02-OUTLINE - CHAPTER 2 New Civilizations in the Eastern and...

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CHAPTER 2: New Civilizations in the Eastern and Western Hemispheres, 2200—250 B . C . E . INSTRUCTIONAL OBJECTIVES After studying this chapter students should: 1. Be able to describe the response of the peoples of early China, Nubia, Celtic Europe, and Central America to the challenges of their environments. 2. Be able to explain the basis of power, status, and wealth in each of the societies treated in this chapter. 3. Be able to discuss the influence of older cultural centers on the development of Nubian and Celtic society. 4. Be able to analyze change over time in China, Nubia, Celtic Europe, and Central America, in terms of the significance of their varying environments, the roles of bronze, horses, and chariots, and the phenomenon of interdependence. MAPS
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CHAPTER OUTLINE I. Early China, ca. 2000–221 B.C.E. A. Geography and Resources 1. China is divided into two major geographical regions: the steppe, desert, and high plateau west and northwest; and the eastern zone, more suitable for settled agriculture. 2. The eastern zone is subdivided into two areas: north and south. The northern area includes the Yellow River Valley and has a dry, cold climate; the southern area includes the Yangzi Valley, has plentiful rainfall, and is relatively warm. 3. China’s natural resources include timber, stone, and metals. The loess soil and cool climate of the north are suitable for growing millet; rice may be cultivated in the warmer and rainier south. 4. Agriculture in this region required the coordinated effort of large numbers of people. B. The Shang Period, ca. 1750–1027 B.C.E. 1. Pre-Shang China was a land of Neolithic communities. Pigs, chickens, and millet were domesticated, silk textiles developed, and bronze metallurgy begun (ca. 2000 B.C.E.) 2. There are no contemporary documents to confirm the existence of the legendary Xia dynasty. Later documents concerning the Xia may be referring to one of the late Neolithic societies of the Yellow River Valley.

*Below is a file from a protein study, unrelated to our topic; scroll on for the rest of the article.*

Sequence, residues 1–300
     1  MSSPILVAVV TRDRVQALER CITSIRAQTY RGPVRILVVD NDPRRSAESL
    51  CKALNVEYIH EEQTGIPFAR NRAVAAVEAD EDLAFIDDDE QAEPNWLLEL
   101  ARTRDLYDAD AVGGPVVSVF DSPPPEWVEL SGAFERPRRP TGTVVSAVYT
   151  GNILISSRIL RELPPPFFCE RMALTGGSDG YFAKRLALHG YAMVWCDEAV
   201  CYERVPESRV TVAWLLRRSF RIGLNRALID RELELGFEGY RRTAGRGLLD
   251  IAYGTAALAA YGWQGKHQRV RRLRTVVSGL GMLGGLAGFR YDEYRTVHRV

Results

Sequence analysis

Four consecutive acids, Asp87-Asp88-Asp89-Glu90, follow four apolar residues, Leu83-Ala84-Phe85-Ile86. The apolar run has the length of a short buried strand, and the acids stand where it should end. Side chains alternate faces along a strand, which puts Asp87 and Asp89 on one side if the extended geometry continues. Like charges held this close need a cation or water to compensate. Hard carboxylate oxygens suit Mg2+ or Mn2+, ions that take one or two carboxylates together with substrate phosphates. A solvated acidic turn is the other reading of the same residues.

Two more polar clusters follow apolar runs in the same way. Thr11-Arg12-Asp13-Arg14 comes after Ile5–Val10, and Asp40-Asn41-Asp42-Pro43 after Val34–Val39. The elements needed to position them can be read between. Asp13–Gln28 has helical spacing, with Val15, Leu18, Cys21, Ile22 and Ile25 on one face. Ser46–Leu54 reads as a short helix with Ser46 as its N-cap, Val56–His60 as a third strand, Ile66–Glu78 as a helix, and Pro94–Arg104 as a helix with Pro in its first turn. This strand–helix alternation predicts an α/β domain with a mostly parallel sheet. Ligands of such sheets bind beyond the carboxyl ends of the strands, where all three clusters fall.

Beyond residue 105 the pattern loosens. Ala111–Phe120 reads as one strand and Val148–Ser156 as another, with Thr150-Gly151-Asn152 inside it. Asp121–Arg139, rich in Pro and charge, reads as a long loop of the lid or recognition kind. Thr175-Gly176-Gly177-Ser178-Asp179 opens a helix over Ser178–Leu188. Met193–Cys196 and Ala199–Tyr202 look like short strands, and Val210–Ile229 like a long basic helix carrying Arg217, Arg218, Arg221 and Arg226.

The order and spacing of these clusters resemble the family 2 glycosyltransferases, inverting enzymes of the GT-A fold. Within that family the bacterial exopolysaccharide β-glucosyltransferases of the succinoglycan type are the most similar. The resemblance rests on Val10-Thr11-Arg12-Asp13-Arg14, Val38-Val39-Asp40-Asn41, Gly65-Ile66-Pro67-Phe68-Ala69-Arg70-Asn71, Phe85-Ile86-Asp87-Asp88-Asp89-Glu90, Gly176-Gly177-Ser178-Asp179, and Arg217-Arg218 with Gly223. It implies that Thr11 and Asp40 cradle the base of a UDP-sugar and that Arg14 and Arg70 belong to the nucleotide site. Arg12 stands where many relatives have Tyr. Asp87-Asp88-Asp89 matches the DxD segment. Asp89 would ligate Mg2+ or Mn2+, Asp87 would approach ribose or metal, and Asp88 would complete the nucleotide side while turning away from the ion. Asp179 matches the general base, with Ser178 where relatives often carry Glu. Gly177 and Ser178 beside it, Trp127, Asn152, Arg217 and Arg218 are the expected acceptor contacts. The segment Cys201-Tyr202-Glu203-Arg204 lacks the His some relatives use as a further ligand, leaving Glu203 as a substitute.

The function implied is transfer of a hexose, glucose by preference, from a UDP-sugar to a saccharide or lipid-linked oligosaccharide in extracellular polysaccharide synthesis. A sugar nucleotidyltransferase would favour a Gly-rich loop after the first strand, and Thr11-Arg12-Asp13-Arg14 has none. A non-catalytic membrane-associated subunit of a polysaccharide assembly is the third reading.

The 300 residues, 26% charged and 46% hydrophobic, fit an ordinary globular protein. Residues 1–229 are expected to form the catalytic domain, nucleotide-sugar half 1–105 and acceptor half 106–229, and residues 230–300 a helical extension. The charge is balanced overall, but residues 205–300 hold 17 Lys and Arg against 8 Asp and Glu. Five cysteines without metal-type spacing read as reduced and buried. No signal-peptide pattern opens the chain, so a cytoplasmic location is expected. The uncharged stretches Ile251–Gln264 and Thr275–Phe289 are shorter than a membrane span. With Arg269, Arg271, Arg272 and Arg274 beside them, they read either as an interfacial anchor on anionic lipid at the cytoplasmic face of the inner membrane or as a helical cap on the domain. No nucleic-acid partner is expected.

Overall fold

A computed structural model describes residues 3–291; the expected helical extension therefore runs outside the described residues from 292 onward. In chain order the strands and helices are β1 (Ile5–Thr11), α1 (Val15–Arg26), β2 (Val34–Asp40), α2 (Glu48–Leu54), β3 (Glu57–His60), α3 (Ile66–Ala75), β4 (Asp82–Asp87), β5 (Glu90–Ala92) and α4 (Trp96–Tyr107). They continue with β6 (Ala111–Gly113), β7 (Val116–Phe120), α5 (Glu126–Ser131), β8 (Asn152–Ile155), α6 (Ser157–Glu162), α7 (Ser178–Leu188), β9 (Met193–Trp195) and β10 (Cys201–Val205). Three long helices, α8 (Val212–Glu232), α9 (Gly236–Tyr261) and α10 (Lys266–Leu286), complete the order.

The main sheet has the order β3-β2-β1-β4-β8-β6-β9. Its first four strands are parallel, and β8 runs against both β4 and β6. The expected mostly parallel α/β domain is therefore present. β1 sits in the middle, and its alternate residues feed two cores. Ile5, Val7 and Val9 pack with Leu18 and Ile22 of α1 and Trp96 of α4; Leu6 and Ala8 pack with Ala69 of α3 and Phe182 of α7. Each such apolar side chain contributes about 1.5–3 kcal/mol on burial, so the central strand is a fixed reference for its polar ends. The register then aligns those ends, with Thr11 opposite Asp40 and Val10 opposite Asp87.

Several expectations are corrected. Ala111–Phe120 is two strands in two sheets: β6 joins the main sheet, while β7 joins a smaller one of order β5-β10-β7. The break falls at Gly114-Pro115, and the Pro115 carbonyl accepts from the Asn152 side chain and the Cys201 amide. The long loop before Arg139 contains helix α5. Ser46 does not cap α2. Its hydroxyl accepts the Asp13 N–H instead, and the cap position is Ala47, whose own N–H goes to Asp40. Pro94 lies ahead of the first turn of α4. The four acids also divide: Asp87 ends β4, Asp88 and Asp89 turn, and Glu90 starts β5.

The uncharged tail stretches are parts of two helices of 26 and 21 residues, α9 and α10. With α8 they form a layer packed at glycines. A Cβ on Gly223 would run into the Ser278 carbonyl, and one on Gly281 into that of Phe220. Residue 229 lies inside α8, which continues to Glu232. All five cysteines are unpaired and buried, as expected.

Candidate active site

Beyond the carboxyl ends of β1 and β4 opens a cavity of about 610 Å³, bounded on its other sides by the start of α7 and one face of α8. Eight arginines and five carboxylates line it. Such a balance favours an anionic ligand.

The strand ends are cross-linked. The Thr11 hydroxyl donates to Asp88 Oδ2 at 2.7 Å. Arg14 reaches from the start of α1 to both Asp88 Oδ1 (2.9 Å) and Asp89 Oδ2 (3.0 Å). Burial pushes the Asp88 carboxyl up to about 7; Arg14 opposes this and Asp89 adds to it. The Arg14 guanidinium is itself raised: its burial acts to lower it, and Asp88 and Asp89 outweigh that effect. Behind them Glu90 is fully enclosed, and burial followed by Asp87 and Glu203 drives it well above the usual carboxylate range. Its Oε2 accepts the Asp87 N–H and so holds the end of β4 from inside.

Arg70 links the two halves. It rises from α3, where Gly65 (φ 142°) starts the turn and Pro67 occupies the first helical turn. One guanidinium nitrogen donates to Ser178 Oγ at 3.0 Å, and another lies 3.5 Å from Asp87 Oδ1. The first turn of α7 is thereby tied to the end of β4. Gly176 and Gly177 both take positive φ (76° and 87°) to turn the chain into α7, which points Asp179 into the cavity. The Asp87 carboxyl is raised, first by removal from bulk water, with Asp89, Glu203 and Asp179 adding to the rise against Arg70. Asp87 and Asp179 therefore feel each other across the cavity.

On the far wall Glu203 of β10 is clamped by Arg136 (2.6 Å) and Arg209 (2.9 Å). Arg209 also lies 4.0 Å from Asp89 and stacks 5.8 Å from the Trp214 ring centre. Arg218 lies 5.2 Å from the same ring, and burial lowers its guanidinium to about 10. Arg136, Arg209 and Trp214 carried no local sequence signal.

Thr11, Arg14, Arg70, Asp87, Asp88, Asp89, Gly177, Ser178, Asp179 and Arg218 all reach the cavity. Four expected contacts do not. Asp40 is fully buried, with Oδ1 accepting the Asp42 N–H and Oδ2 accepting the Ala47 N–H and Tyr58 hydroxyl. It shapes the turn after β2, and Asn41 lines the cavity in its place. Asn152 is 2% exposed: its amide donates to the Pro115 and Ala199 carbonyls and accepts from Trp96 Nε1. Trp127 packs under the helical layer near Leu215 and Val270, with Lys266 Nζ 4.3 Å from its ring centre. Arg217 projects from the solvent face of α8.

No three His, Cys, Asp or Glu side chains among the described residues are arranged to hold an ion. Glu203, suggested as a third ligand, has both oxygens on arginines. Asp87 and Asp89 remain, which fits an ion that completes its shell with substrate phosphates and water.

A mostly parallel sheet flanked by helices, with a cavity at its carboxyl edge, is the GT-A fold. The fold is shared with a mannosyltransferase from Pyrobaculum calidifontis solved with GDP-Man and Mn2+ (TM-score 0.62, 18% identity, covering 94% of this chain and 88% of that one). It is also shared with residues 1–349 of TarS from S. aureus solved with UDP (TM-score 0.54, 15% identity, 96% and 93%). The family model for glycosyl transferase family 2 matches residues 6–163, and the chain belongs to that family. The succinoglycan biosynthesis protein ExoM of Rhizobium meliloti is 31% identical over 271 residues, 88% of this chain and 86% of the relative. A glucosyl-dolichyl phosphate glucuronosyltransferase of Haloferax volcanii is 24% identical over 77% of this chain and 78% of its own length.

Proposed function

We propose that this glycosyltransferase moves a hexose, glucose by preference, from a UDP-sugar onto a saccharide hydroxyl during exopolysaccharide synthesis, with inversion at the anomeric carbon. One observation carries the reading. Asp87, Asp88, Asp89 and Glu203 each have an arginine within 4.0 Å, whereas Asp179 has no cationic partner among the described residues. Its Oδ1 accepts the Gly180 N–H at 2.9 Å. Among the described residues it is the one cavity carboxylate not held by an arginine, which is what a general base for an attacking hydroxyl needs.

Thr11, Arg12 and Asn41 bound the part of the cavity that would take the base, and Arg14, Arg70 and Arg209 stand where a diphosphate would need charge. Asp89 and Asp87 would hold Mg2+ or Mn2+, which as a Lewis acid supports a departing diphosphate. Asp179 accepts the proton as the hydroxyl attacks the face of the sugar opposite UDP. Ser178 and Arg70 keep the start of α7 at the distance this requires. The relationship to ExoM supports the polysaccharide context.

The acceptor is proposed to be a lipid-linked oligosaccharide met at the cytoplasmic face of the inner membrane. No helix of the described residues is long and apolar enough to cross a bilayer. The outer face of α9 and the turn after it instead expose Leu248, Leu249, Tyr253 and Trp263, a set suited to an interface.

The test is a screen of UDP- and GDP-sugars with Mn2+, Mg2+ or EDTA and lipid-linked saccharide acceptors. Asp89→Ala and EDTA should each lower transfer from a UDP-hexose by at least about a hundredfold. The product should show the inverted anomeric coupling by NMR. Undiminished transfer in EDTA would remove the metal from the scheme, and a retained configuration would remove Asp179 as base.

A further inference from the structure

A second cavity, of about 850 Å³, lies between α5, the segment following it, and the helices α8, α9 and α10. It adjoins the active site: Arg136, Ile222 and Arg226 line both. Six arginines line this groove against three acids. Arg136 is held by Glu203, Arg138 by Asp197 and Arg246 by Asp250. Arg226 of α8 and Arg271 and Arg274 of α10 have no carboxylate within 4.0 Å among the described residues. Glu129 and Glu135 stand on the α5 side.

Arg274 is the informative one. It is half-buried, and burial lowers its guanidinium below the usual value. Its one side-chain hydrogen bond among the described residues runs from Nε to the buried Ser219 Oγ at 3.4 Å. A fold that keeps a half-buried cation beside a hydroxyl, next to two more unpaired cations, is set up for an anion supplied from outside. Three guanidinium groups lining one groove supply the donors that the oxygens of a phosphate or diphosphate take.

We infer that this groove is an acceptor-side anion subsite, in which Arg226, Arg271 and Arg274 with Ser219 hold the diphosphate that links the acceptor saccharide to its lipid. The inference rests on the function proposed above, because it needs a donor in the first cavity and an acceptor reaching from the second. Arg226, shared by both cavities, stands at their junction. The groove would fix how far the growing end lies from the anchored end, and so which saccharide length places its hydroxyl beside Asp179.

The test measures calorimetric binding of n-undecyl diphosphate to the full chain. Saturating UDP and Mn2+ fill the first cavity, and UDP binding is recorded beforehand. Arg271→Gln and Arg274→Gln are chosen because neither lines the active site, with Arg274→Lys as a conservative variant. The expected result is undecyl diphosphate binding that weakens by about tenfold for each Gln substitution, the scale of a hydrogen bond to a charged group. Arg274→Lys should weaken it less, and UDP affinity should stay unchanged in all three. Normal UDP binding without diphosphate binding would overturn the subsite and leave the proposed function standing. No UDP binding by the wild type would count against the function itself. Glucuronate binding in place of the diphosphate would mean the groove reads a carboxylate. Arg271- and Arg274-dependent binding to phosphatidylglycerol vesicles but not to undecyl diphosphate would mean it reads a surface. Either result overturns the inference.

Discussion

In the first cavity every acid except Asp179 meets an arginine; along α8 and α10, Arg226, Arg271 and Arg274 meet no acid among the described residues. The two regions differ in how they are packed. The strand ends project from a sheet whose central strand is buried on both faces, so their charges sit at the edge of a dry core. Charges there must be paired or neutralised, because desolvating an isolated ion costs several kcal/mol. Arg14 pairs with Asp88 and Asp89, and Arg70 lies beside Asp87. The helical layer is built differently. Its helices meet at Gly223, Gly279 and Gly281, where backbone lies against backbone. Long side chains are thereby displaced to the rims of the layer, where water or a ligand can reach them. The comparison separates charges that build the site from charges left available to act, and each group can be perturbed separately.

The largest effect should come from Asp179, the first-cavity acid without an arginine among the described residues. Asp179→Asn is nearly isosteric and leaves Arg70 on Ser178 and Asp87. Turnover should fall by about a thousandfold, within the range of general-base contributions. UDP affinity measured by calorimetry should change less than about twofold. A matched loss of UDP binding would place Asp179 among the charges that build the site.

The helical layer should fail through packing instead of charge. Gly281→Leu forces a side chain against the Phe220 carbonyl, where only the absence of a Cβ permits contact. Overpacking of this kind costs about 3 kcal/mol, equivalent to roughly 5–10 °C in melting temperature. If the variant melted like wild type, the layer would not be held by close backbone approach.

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3. The Shang dynasty had its origins in the Yellow River Valley and later expanded to include territory from Mongolia to Gansu and south to the Yangzi Valley. The Shang kings ruled directly over the core area of their kingdom and exercised indirect rule over peripheral areas. 4.
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This note was uploaded on 11/04/2011 for the course WORLD 101 taught by Professor Losa during the Spring '11 term at City College of San Francisco.

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02-OUTLINE - CHAPTER 2 New Civilizations in the Eastern and...

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